The Anti-Corruption Bureau (ACB) has commended the media for its positive contribution towards the fight against corruption in the country.
The ACB’s Senior Public Relations Officer, Egrita Ndala said this recently during a media workshop for journalists drawn from the eastern region held at Hippo View Lodge in Liwonde.
Ndala observed that the media play an important role in the fight against corruption on the understanding that they help in informing the citizenry on issues to do with corruption in various institutions.
She added that the media was one of the pillars in fighting against corruption in Malawi whereby it has to investigate corrupt practices and report the same not only through news articles but also directly to the office of ACB.
“The media has always been an important partner in the fight against corruption in Malawi as such there is no way we can leave it (media) out and talk about success stories since people get to know the effects of corruption through media,” said Ndala.
Ndala added that the media also act as a whistle-blower on various corrupt practices, an aspect considered valuable to the bureau because it acts as a starting point for the bureau.
However, Ndala said despite the media making such contributions and receiving support from government and other partners, the bureau still faces some challenges that affect its operations in the process.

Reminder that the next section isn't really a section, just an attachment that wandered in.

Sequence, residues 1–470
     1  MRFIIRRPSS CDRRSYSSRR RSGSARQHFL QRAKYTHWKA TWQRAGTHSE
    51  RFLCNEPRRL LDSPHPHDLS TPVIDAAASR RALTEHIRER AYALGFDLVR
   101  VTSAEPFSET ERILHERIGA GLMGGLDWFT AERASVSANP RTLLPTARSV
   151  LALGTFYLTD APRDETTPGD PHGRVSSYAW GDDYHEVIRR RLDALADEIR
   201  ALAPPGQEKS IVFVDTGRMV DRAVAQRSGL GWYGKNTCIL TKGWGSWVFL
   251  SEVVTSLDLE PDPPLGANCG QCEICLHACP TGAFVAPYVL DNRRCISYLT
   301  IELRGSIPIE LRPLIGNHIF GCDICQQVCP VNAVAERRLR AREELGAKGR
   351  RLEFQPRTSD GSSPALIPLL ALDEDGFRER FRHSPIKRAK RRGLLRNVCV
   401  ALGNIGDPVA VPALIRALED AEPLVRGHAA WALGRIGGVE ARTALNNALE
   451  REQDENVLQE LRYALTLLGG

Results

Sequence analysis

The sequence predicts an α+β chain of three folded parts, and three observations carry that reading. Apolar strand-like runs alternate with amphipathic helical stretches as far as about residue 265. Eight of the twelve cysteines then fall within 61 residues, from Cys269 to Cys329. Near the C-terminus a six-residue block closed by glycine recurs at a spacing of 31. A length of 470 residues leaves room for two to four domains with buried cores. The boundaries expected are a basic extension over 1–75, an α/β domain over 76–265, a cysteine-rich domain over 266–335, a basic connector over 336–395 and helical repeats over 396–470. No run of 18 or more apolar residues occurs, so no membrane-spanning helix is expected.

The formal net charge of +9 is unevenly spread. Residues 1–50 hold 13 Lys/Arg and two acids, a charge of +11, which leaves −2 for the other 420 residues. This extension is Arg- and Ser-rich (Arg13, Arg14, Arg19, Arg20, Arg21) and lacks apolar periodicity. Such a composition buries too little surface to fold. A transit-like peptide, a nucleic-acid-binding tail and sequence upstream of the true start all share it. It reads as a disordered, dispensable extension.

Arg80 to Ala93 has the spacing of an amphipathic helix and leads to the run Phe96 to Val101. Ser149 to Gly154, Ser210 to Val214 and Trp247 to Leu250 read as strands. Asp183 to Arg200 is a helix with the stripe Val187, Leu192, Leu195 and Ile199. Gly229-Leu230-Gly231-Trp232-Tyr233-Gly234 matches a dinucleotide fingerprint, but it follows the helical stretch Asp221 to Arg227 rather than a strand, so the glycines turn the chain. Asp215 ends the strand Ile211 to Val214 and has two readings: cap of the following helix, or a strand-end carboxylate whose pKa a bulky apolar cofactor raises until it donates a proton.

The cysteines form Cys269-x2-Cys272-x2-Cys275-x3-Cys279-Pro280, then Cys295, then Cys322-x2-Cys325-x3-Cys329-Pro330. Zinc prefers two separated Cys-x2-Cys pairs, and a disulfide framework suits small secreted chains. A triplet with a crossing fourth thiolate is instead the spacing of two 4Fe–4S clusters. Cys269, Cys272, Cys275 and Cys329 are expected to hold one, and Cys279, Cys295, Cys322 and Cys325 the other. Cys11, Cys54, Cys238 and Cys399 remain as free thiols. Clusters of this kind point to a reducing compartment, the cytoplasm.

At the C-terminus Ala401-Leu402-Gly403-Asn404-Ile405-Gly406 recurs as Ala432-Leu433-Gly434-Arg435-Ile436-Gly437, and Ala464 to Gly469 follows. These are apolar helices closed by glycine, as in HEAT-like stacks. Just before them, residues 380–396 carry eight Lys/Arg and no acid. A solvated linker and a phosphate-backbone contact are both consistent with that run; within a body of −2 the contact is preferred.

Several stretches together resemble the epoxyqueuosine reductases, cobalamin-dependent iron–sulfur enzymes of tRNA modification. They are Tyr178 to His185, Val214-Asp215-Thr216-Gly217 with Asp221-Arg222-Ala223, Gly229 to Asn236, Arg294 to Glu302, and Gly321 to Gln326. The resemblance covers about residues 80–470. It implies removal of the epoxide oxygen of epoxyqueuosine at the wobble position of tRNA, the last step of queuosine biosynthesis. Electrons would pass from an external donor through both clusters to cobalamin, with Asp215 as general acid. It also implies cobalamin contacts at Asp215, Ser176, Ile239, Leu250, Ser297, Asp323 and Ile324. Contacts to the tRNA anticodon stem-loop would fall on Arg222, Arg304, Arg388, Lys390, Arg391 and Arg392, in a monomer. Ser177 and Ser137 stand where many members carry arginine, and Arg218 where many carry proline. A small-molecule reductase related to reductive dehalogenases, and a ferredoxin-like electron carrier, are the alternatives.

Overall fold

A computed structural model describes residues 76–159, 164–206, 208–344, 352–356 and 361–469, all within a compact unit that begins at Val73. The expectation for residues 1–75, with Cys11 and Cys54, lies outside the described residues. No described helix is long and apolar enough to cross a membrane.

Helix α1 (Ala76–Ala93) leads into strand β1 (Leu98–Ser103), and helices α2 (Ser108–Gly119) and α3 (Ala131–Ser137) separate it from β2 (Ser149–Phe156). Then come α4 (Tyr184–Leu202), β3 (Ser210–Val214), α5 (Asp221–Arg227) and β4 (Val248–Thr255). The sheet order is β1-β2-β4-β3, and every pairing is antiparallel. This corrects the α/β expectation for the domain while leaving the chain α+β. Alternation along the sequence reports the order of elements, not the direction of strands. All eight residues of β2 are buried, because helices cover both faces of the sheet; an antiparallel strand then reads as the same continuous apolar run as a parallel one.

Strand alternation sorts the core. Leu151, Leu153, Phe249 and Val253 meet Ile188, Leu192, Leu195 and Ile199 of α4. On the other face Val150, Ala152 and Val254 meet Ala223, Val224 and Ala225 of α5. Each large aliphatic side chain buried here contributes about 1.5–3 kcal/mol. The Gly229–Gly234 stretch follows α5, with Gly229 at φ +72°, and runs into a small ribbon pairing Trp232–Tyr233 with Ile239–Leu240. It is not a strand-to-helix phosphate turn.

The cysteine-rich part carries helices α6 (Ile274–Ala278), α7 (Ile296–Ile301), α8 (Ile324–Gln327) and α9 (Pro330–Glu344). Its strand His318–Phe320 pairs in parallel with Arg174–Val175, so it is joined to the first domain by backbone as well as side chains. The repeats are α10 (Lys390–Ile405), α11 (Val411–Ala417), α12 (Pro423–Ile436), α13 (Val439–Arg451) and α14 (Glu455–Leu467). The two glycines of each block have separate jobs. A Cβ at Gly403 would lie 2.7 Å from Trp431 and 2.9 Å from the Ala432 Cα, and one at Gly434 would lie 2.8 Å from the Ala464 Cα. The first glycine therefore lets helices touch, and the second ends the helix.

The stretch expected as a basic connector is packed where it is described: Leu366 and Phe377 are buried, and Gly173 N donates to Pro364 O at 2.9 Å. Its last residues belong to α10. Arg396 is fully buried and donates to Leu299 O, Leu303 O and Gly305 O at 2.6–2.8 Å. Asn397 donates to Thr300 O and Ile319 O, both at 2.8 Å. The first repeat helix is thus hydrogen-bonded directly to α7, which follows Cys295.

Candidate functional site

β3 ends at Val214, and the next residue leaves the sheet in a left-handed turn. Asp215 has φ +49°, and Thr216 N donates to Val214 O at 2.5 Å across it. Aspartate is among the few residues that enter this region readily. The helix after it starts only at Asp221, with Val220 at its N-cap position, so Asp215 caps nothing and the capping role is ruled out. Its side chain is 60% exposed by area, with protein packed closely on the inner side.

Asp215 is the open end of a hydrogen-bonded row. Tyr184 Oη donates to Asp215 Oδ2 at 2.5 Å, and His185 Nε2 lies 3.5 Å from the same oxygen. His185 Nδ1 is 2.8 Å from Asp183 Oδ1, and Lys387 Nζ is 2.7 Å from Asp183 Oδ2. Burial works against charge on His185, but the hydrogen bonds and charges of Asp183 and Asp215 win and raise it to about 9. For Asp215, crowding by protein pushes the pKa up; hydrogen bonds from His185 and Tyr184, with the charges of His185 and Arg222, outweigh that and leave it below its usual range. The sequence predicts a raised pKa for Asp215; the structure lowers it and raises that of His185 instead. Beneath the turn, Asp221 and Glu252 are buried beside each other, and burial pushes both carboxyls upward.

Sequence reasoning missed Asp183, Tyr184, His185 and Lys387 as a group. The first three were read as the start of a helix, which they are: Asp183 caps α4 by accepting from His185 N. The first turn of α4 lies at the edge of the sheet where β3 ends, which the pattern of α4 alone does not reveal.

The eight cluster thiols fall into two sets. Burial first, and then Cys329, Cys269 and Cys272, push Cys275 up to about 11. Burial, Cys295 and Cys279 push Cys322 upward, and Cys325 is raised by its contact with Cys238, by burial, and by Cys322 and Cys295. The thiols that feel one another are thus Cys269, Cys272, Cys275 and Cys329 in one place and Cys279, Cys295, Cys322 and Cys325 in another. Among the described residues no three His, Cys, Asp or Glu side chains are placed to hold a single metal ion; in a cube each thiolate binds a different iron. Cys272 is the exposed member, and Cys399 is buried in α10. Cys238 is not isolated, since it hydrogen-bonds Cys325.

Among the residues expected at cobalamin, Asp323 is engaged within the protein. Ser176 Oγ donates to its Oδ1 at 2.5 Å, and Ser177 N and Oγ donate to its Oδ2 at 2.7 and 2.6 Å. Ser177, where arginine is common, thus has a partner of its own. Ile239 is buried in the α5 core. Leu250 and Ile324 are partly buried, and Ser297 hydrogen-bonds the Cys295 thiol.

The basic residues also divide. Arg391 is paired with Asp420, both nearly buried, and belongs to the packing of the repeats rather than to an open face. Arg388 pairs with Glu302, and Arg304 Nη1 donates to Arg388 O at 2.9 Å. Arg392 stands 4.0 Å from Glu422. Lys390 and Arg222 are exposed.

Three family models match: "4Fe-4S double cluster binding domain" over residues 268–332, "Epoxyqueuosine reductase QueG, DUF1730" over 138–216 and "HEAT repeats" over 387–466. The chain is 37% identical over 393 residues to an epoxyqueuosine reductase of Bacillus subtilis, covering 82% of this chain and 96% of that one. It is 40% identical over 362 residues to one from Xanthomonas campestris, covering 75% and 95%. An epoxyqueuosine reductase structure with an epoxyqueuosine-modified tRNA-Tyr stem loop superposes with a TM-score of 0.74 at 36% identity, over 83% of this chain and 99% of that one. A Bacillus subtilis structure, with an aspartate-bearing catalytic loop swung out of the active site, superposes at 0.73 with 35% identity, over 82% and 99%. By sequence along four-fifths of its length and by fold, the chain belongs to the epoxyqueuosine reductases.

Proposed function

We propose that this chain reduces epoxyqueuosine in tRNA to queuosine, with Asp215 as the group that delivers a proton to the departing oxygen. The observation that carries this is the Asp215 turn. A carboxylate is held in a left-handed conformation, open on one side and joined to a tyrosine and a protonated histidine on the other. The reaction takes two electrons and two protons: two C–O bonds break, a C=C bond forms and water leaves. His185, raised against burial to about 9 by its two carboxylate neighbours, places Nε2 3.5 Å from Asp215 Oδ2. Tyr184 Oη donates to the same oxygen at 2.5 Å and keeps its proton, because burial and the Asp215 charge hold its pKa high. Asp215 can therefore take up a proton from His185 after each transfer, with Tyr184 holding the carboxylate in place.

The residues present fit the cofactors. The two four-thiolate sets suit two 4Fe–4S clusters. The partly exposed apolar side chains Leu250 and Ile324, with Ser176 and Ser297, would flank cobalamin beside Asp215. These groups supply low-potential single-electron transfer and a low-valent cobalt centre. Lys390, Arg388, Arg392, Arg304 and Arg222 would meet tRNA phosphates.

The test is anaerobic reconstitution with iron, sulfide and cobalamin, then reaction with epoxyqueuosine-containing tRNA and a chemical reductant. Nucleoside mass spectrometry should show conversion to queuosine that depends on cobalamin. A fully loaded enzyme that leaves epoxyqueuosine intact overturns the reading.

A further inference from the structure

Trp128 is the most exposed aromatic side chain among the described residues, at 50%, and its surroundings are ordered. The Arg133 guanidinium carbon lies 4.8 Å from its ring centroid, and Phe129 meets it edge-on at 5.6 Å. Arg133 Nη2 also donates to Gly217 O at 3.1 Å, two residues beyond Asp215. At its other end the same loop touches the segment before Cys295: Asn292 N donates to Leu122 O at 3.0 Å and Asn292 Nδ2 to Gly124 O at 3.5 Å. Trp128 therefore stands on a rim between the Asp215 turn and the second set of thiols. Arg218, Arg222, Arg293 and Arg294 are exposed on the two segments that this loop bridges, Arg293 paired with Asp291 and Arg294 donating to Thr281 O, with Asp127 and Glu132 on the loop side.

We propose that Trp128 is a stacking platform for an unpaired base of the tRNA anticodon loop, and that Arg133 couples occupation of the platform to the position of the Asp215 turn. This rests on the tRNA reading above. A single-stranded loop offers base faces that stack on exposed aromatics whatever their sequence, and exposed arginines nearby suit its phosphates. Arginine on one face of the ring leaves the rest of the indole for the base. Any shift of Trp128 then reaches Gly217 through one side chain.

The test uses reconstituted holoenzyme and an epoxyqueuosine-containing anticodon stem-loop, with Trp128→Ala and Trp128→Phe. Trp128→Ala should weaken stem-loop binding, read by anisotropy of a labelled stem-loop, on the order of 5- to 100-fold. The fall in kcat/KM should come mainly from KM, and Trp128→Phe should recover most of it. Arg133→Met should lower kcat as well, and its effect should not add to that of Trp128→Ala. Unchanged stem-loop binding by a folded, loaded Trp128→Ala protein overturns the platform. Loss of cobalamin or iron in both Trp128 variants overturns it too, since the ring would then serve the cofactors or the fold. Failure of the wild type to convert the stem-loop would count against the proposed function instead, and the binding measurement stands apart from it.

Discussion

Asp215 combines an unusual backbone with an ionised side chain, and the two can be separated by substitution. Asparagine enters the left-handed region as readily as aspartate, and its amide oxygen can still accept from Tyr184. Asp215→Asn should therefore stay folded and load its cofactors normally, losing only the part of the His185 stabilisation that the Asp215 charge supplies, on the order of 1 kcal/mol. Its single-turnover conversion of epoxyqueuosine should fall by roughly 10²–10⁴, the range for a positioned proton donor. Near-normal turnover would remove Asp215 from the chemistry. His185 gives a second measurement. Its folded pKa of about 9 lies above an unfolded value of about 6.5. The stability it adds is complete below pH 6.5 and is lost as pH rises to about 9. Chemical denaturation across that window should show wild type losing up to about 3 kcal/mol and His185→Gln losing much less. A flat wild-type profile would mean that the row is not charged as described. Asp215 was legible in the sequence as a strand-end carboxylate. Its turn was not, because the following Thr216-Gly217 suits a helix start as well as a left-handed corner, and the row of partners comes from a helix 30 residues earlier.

“The Bureau is currently understaffed due to resignations of well trained and experienced personnel and this is heavily affecting our investigation department,” Ndala decried.
Ndala disclosed that the Bureau has in the past three years lost at least 20 people who left in search of greener pastures in other government and private institutions.
“That notwithstanding, the bureau just like any other government department is also facing financial challenges,” she pointed out.
One of the participants to the workshop, Cassim Aubi of Zodiak Broadcasting Station hailed ACB for organizing the training workshop, describing it as crucial to the media in particular and the nation in general.
Aubi said the orientation had assisted the media practitioners to know various issues to do with corruption, which would in turn go a long way in ensuring effective reporting on corruption issues.
He assured that the media would continue working in close partnership with ACB in a bid to uproot corruption to enhance development in the country, appealing to journalists to deploy various techniques in investigating corruption.
“We need to apply what we learnt on investigative journalism and combine with skills gained from this training in reporting sensitive aspects of corruption,” Aubi advised.